As a parent, it’s tough to balance what’s age appropriate for children with what’s trending. Consider some of the headlines in the past few years: Kim Kardashian West piercing her daughter North’s ears before she was one. Or Hilary Duff and Victoria Beckham kissing their children on the lips; it’s hard to know what is socially acceptable anymore when the internet is full of people who firmly ground themselves into one way of thinking.
The same holds true for the use of technology. In 2016, the American Association of Pediatrics changed their original stance on screen usage. Their first recommendations focused on limiting screen time as much as possible because of its unknown effects. However, they’ve recognized the ubiquitous role of technology in the lives of everyone and now have a focus on “a healthy media diet” and the prioritization of outdoor play and unplugged time.
Just when things were looking up, and parents everywhere let out a collective sigh knowing that the half hour of YouTube Kids their two-year-old and seven-year-old were watching wasn’t going to damage them permanently, research being presented at the 2017 Pediatric Academic Societies Meeting found that children who started using devices under the age of two might be at a higher risk of expressive language delays. The key point to note in these findings is that the conclusion was drawn only in children who had not yet begun to talk themselves.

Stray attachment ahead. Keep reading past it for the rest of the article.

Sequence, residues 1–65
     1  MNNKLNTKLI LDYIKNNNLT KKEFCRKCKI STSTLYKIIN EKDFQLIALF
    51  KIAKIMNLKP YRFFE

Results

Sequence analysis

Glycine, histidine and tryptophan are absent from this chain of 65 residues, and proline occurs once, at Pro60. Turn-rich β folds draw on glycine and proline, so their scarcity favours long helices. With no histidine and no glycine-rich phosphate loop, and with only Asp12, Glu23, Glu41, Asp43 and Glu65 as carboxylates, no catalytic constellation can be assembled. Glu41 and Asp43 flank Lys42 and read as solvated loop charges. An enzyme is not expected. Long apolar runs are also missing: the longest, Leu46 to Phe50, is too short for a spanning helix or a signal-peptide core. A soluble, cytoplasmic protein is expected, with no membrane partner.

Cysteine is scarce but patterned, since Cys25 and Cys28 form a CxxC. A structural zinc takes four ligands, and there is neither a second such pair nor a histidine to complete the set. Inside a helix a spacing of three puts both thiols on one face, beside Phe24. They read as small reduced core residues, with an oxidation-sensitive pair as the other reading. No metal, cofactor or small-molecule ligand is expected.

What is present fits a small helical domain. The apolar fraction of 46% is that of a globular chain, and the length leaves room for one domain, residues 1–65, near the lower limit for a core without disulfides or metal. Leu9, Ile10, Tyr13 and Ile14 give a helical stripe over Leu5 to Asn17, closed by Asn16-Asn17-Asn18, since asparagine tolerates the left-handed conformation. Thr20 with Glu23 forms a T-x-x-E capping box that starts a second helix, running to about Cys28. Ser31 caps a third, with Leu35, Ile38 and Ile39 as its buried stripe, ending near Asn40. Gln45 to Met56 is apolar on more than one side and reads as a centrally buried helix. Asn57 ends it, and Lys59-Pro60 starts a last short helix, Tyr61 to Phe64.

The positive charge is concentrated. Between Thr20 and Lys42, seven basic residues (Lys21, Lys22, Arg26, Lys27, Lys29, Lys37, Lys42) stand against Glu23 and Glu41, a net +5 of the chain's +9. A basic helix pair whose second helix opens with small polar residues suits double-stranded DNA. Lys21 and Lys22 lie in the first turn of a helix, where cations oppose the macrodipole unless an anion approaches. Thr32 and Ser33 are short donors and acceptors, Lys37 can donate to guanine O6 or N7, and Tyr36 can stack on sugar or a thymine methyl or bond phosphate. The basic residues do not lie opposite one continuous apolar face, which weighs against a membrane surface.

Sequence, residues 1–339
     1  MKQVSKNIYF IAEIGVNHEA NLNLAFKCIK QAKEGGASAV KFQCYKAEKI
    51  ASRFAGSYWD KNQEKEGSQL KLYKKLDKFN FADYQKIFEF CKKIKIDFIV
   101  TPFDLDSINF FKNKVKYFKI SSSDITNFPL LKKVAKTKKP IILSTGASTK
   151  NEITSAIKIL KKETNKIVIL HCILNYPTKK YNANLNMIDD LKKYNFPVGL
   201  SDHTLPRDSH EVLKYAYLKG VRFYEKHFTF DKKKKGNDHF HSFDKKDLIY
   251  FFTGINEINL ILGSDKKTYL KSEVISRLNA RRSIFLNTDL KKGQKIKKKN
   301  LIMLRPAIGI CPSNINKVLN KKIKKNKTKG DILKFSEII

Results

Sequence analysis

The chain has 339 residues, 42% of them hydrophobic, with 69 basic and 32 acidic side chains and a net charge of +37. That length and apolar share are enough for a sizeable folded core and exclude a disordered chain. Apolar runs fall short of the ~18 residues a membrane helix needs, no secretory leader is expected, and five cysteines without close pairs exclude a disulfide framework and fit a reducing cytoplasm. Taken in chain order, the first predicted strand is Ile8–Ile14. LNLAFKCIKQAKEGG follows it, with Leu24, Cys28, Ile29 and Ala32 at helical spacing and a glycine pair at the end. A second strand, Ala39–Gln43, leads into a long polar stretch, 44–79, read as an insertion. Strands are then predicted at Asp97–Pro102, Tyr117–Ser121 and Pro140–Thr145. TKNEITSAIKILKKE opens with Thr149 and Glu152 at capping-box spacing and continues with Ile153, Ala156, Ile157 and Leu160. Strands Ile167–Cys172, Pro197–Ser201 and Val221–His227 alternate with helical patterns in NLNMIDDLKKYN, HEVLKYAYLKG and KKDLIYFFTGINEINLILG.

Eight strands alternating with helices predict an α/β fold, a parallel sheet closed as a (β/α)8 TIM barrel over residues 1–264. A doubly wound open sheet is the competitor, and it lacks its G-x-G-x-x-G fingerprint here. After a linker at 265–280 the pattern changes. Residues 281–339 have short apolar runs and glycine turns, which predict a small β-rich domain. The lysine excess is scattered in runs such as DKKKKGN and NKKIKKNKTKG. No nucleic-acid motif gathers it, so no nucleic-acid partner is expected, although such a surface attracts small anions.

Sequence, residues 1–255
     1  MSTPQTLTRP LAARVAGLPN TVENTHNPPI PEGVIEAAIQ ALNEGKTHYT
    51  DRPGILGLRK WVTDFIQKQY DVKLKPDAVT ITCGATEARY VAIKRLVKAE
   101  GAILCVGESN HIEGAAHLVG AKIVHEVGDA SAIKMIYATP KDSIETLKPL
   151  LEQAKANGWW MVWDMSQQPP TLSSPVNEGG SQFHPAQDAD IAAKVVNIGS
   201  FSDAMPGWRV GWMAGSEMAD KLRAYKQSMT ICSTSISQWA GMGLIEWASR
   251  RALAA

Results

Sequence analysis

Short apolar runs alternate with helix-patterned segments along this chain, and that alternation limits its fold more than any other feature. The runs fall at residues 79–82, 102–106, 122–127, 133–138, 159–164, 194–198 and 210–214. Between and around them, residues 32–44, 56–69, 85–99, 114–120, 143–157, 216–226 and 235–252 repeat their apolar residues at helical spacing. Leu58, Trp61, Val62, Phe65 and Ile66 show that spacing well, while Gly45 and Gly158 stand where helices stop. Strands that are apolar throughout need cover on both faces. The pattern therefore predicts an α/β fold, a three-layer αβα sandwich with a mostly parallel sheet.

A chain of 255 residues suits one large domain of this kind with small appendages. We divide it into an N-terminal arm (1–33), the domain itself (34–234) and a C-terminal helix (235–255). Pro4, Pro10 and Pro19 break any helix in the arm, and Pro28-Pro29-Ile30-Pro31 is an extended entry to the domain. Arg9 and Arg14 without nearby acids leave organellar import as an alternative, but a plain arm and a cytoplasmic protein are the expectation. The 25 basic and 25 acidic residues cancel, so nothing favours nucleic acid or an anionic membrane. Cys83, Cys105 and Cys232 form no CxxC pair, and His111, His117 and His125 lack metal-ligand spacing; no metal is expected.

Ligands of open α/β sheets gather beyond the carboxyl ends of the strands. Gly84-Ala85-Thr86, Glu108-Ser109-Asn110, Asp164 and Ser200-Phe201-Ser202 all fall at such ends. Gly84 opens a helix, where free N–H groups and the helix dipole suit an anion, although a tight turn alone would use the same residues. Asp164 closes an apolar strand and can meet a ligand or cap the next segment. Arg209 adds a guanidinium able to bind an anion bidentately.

So, what’s the right answer?
Maybe there isn’t one, at least not yet, and especially not when it comes to setting stark age limits or time restrictions. If families are going to set screen time restrictions, consider what works best for the family. Parents are the governing body of the household, and they should have the final say. Parents set the limits that work, provide insight into how screens are to be used, what type of content is appropriate, and should always be cognizant of when kids need fresh air.
The key takeaway when it comes to anything centered on parenting, children, and family life, is that everything is negotiable (maybe not that 8:30 bedtime, though). Life is not black and white, and the way families use screens is no longer limited to AOL chat rooms and endless cat videos on YouTube. Technology is omnipresent; it cannot be avoided. The same takeaway can be applied to when parents should teach their kids when first to ride a bike, or at what age to start letting them explore beyond the few hundred feet in either direction of the driveway. Unlike limits on the driving or drinking age – which have been thoroughly studied for years and given well-developed restrictions – technology cannot be placed into the same box of social acceptability.